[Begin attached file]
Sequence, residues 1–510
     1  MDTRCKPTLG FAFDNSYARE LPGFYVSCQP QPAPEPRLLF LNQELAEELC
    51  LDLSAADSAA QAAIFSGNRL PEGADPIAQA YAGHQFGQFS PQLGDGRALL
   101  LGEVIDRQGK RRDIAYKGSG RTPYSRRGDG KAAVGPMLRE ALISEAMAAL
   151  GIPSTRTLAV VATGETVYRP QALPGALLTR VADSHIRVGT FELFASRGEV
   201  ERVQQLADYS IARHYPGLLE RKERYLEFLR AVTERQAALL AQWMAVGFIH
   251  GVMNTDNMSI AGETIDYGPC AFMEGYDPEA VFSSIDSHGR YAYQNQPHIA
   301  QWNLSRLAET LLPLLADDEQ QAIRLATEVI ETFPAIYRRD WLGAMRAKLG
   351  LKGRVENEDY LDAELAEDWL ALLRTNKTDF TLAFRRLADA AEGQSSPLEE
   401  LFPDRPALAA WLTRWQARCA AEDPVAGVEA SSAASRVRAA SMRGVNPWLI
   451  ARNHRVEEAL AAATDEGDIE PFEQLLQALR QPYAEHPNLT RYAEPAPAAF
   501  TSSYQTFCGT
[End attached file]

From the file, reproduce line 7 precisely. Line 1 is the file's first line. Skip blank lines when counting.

   251  GVMNTDNMSI AGETIDYGPC AFMEGYDPEA VFSSIDSHGR YAYQNQPHIA